dubbing “indigenizes” the Korean dramas into “Chinese” dramas. Furthermore. audience also desires the “difference” of the foreign between themselves and what is on screen. 2005). with the men in their lives. and for societies that foster these elements” (Thomas. 2004. whose preference for pop culture remains local or transnational Chinese programs from Chinese Pop Culture. especially the men. as it is difficult to believe that the largely middle-age women audience. Indeed. If there is any suggestion of perceptual “confusion” of on-screen and real men. some audience in Southeast Asia embrace a sense of difference at the societal level. the female audience has a tendency to compare the on-screen characters. there is a tendency for some women audience to “believe” that actually existing or “real” Korean men to be like the on-screen male characters – on looking. are modes of audience’s self-affirmation. the urban scenes with the capitalistconsumerist modernity are the “imaginary” and “imaginable” future that they aspire to for themselves and for Vietnam as its economy liberalized and marketized. What they desire is thus not “Korean” culture but a symbol of a capitalist-consumerist future. Vietnamese youth who flock to Korean movies in Hanoi and Ho Chi Ming City see in the Korean films their aspired “future” on the big screen. a longing for a richer consumer world. just like the character played by Bae Yong Jun in Winter Sonata. it is likely to be intentional. Nevertheless. Before moving further in this analysis. 186). rather than identification with specifically things “Korean. p. There are also two levels of recognition here. First. failed to see or know the “make belief” nature of TV dramas. For them. as difference is instantiated through comparison. At the individual level. for example in Japan. The combination of indigenization and foreignness is resolved by identifying with the on-screen narrative and characters as reflecting things and sentiments that are “Asian”. Beyond the individual. The economically developed Korea “signifies prosperity and sophistication and engenders longing. According to Thomas. this “Asian-ness” is read into the family-oriented storyline of most Korean TV dramas. gentle and very committed in love. Among the ethnic-Chinese audience. as suggested above. the “foreignness” of Korean drama is visually preserved and this “foreignness” is a source of viewing pleasure. the frequency of viewing per week is largely dependent on the local television stations scheduling. for technical expertise and creativity.” However. Thus. it would be useful to sum up the issues of audience identification with Korean TV dramas: Overwhelming majority of the audience for Korean TV dramas in East and Southeast Asia are ethnic-Chinese. facilitating identification. Korean TV drama is nevertheless increasingly part of the routine entertainment diet of this ethnic-Chinese population. In this sense the present “Korea/Korean” on screen is the Vietnamese audience desired future. a female audience will also identify with the on-screen narrative and characters of the women-centered 21 AudienCe ReCoGniTion of diffeRenCe . there are suggestions that the 5000 middle-aged women fans that turned up to welcome Bae (Yon-Sama) were quite aware that they were being seen as “irrational” in the media and the eyes of men (see Mori.Korean PoP Culture participation. the intentional “misperception” is probably invoked to serve a different purpose in gender-politics.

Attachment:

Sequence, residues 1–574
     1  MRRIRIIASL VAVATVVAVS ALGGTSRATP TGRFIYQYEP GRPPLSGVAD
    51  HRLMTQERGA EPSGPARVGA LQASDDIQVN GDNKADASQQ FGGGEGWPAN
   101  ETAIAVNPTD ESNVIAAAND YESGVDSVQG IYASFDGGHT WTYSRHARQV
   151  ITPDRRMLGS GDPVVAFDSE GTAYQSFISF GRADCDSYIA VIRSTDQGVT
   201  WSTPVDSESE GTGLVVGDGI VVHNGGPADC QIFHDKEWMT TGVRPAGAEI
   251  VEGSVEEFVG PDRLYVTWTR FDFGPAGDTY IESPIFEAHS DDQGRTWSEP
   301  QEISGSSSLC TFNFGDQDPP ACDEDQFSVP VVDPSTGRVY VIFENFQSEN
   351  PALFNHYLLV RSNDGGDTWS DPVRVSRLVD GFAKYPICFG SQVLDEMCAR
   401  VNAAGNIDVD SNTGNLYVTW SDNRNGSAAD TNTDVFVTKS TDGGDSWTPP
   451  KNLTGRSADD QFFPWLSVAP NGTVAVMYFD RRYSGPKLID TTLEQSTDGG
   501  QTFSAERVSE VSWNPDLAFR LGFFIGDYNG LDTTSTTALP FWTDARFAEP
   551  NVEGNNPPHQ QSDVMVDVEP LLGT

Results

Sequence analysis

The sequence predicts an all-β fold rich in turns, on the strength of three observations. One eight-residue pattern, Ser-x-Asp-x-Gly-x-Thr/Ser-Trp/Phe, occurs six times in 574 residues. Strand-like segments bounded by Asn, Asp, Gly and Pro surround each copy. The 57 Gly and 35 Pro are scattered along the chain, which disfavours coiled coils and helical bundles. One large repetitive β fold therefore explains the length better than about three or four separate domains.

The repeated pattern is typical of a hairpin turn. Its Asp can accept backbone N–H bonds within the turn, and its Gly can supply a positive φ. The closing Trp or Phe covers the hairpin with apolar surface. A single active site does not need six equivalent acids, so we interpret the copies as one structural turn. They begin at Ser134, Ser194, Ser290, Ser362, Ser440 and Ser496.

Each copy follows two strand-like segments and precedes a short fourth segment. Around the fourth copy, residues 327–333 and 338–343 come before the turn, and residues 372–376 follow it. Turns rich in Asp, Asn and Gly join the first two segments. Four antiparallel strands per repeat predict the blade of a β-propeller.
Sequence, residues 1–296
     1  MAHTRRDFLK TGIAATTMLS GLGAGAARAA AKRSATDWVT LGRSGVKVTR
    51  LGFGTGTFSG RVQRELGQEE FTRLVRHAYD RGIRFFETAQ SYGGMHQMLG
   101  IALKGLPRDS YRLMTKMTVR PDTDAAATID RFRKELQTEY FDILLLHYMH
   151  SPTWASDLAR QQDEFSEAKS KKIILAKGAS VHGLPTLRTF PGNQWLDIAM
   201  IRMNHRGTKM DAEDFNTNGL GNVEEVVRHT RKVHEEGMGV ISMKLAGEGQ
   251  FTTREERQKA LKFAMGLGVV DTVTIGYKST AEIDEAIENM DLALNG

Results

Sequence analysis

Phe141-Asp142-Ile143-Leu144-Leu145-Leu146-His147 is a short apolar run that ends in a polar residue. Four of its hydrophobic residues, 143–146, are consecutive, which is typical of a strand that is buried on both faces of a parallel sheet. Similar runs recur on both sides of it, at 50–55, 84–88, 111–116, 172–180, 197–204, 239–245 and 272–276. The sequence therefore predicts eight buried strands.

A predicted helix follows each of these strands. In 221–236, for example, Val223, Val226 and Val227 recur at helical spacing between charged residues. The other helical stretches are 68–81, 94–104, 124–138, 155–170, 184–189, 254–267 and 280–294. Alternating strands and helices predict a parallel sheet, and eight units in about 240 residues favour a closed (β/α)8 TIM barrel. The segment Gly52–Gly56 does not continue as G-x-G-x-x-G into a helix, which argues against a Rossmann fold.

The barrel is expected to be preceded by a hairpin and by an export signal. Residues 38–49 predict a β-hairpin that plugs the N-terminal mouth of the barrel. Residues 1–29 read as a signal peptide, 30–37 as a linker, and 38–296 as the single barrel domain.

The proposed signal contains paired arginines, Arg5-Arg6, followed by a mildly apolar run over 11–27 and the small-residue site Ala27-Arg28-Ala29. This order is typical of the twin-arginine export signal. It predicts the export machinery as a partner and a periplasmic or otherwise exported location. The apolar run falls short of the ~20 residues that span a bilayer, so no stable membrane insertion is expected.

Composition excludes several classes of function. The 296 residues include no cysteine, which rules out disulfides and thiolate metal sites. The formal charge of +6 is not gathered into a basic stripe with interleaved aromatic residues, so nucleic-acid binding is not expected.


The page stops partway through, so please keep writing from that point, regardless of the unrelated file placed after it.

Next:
the “cultural” impact of Korean TV dramas are much more significant as it serves as the mirror held up by the audiences to critically reflect on their respective social. the difference of Korean-ness is preserved through other modes of identification. it is by no means the equivalent to the totality of this larger popular culture space. and mobilize against the pop culture phenomenon and its consumers in question of “nationalism. However.” as most of the consumers are passive leisure consumers who see the dramas as mere entertainment and do not get involved in any cultural politics concerning the dramas. often an intentional misrecognition of the on-screen “Korean” is used by audiences as a vehicle to mount a critique of their own respective social. pop culture consumers. the on-screen “Korean” is maintained by audiences as a “contrast” to their own respective social conditions. the counter-discourse dubs it the “Invasion of Korean Wave. which is the political arena in which the everyday life cultural practices of the masses struggle against the elite culture of the society (Hall. 1994).Jurnal PengaJian Media Malaysia / Malaysian journal of Media studies Korean dramas. Such confrontations occur often as a backlash against a particular pop culture phenomenon. Furthermore. These activists could further form ideological coalitions with groups that would project their own interests as the “national” interest. individually or as communities. cultural and economic conditions. Here. especially gender relations.” However. the “realism” of the drama-narrative in “reflecting” the everyday life of the female audience. For example. the on-screen Korean is viewed by audience in less economically developed East and Southeast Asian locations as an “imaginable-imagined” future of capitalistconsumerist cultural modernity. Whenever a confrontation occurs. as in the case of the middle-aged Japanese women fans of Winter Sonata. the difference of “Korean-ness” or “Korean culture” is dissolved and absorbed into the larger “Asian-ness” and the “feminine. who might be imagined as a “community” by virtue of their non-consumption. At the societal level. non-consuming activists could readily and discursively hijack the idea of an overwhelming numerical majority of the non-consumer population and designate it as the “people.” This is what happening as consequences of the perceived “invasion” of Korean pop culture into ethnic-Chinese media industry. which has a certain structure. In such confrontation. At both levels. On the day that Bae Yong Joon visited Taipei to promote April Snow. professionals and other gatekeepers. BACKlASh To KoReAn WAve The cultural space of commercial. The Korean Wave has given rise to anti-Korean sentiments among the nonconsumers of Korean pop culture in different parts of East Asia. such as local media entrepreneurs.” implying that the interests of the territorial Taiwan nation have been breached. are frequently confronted by the overwhelmingly much larger population of non-consumers.” At both levels the ethnic-Chinese women audience’s identification are modes of “self-affirmation” as “Asian women. non-consumers tend to be the major population.” in order to claim this “people” on their side. in Taiwan. At this level where “Korean-ness” is preserved. profit driven media pop culture is part of a larger “popular culture” space. At the individual level. the non-consumer population would overwhelm the community of “fans. In all pop culture phenomena. self-fashioned Taiwanese 22 .